The restoration was followed by the addition of a string section written by McCartney, Giles Martin (the son of Beatles’ former producer and longtime collaborator George Martin), and Ben Foster, recorded at Capitol Studios. The piece was given the decoy name of “Give & Take” to avoid leaks from the musicians and recorded during late April 2022. Finally, McCartney and Martin added portions of original vocal recordings of “Here, There and Everywhere“, “Eleanor Rigby” (both from Revolver), and “Because” (from the 1969 album Abbey Road) into the new song, following the methods used for the 2006 remix album Love. Ben Lindbergh of The Ringer contrasted the original recording to the released version: “McCartney collaborates with his former muse not just by building on Lennon’s work, but by undoing it. The Beatles release is almost a minute shorter than the Lennon demo, largely because the latter includes two pre-chorus bridges that the former removes (aside from a subtle, hard-to-hear allusion in McCartney’s piano chords during the new solo)”. Speaking about the removal of the pre-chorus bridge, McCartney said “It had a big middle section and I thought it rambled a bit. I thought to myself, Well, if I was working with John now … I’d say, ‘We’ve got to do something about that middle and maybe even remove it. I think it’ll make the song stronger.’ So we did. I think he would have been OK with that. Of course I’m never going to know but, y’know, I think mine’s the best guess we can have.” The finished track was produced by McCartney and Martin, while Lynne was credited for “additional production”, and mixed by Spike Stent. Meanwhile, the stereo and Dolby Atmos mixes, alongside the vinyl mastering, were completed at Abbey Road Studios.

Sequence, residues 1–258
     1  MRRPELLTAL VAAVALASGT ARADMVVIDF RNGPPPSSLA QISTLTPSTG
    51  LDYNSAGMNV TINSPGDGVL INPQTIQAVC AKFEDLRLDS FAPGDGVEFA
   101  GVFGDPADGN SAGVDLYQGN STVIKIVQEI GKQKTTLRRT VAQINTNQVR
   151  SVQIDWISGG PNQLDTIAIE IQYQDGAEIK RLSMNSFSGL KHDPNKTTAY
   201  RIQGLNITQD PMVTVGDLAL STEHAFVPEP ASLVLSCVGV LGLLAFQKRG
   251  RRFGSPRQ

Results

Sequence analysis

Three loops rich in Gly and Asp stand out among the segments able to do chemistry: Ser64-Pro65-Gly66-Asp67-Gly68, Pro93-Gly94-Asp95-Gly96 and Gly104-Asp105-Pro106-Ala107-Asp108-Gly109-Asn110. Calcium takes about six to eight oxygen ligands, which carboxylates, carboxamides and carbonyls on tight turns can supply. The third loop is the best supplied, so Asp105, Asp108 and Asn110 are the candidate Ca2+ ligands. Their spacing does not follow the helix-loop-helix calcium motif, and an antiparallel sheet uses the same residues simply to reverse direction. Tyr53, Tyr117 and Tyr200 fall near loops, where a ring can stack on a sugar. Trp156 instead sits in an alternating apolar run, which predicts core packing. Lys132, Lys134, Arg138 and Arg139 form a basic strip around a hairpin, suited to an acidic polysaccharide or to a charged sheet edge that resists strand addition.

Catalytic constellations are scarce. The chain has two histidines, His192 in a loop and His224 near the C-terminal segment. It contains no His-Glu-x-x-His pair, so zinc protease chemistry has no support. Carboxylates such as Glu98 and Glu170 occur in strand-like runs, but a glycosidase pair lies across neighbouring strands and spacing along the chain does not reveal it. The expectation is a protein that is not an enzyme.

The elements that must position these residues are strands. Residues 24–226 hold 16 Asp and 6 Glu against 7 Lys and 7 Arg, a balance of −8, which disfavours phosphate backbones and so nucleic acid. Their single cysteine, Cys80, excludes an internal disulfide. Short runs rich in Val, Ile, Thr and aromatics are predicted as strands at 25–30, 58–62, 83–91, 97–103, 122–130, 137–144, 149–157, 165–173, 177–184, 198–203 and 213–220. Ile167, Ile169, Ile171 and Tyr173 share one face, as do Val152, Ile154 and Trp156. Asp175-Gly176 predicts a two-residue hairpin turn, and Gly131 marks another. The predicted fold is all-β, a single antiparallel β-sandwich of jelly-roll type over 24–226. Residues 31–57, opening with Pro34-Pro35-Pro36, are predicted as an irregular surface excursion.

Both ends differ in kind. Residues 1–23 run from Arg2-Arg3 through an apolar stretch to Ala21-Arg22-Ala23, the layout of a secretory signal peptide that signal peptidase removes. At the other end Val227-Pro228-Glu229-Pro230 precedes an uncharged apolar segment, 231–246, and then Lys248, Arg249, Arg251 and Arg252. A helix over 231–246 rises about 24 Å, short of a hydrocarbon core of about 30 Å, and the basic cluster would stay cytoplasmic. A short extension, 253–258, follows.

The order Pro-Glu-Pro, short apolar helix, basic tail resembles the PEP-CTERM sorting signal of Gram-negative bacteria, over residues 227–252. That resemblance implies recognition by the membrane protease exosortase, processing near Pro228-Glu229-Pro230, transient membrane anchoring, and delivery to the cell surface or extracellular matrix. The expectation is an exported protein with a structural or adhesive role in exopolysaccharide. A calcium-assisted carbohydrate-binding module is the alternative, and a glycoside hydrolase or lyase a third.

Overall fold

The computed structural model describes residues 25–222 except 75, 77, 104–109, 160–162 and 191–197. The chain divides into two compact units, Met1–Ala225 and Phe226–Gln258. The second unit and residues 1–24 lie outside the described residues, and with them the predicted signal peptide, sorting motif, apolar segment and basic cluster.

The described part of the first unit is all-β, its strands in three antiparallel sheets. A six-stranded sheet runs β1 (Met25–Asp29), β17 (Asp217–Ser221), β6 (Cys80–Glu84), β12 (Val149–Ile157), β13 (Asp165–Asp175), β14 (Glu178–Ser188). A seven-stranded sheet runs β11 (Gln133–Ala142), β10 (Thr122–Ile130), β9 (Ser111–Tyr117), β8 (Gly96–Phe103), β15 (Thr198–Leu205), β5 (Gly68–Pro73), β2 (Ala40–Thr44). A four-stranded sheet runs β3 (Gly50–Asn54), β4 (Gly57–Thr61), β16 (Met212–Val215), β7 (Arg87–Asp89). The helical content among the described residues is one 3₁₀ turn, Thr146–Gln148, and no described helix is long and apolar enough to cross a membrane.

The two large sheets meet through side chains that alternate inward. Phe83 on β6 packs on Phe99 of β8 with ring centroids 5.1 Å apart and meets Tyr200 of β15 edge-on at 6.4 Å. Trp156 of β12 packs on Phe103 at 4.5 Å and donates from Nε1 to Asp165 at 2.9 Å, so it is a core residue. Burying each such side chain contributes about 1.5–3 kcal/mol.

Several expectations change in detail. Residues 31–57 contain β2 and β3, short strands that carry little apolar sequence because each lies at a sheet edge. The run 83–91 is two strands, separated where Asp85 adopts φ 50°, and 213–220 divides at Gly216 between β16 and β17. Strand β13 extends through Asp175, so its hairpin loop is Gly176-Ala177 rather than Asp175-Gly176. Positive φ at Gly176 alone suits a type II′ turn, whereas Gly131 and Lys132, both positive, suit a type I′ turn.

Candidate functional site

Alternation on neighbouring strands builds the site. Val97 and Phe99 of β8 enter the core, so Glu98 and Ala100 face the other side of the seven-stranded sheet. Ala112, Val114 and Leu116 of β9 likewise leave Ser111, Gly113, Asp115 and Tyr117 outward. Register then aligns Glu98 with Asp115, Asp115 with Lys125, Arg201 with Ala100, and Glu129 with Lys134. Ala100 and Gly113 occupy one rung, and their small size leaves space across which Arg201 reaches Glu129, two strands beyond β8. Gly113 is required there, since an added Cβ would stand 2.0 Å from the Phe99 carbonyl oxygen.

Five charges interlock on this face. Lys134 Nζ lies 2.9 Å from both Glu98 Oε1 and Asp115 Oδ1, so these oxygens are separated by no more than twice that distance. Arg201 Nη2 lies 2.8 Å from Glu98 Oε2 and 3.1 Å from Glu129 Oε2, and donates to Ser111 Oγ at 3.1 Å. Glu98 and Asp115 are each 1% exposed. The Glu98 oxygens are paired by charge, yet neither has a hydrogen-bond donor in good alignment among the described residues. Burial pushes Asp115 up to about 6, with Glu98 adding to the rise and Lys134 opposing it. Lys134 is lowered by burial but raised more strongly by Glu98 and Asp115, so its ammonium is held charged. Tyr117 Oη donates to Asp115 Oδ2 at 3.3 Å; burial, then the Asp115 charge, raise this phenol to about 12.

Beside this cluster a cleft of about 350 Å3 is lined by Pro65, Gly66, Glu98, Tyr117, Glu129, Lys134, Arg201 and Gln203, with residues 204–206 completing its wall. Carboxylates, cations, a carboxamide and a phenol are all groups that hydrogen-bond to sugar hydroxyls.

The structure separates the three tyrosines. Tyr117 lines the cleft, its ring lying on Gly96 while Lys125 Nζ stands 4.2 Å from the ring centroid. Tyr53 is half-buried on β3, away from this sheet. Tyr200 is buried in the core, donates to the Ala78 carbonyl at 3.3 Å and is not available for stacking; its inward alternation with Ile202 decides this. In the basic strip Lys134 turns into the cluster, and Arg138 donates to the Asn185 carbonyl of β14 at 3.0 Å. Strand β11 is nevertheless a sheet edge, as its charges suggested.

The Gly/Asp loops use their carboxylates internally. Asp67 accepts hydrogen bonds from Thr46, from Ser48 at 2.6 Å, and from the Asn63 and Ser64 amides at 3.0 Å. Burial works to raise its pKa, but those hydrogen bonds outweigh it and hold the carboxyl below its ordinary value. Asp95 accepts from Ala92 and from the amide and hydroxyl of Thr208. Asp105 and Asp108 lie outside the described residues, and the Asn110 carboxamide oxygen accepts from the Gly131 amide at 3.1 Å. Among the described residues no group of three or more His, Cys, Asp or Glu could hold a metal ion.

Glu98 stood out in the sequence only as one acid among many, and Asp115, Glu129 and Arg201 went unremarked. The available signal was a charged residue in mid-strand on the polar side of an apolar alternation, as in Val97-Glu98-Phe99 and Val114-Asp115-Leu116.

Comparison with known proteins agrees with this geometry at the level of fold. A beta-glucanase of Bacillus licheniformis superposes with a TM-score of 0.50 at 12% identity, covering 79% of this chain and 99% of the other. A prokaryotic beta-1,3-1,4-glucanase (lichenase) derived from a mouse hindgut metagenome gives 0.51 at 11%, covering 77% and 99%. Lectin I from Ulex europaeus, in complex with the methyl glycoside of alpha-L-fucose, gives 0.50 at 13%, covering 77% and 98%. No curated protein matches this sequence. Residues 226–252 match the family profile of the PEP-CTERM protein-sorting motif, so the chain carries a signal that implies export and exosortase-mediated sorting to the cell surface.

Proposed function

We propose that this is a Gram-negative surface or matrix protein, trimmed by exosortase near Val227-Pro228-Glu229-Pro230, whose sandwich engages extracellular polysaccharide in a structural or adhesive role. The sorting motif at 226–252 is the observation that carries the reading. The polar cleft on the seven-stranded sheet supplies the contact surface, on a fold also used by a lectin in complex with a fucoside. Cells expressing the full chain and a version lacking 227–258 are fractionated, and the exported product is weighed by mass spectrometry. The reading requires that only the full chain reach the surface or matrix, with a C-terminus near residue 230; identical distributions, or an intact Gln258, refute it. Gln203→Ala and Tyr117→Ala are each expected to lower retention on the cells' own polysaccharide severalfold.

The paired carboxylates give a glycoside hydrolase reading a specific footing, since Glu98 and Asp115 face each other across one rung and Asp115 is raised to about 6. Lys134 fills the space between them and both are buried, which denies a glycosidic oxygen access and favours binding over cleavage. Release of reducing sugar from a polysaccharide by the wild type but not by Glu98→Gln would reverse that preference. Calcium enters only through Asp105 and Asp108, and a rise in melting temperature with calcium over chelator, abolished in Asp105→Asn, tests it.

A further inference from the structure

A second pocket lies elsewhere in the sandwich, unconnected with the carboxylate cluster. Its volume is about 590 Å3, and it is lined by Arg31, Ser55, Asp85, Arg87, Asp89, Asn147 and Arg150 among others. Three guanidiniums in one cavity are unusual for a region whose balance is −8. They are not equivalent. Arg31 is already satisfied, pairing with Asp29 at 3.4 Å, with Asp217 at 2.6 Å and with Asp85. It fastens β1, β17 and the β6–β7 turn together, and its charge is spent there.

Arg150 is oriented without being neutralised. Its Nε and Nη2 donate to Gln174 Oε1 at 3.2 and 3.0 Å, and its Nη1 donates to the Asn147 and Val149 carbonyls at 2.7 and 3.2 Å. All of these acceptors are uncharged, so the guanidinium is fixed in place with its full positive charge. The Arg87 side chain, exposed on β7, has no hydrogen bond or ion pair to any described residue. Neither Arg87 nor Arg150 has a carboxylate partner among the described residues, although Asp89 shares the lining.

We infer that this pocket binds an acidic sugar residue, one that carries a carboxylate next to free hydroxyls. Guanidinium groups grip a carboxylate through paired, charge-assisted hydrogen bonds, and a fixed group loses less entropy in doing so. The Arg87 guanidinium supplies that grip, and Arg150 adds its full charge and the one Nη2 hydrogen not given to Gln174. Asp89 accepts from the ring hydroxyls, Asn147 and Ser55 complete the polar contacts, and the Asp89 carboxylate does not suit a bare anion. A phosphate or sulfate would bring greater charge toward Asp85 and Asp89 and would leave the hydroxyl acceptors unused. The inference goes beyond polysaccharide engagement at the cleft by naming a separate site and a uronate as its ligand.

On 13 June 2023, McCartney told BBC Radio 4‘s Today programme that he had “just finished” work on extracting Lennon’s voice from an old demo of the latter’s in order to complete the song, using (in his words) artificial intelligence. Dubbing the project “the final Beatles record”, he did not name the song; however, BBC News reported it was likely that the song is “Now and Then” and that it would be released later in 2023. On the use of AI for sound source separation, McCartney clarified in June 2023 that “nothing has been artificially or synthetically created. It’s all real and we all play on it. We cleaned up some existing recordings – a process which has gone on for years.”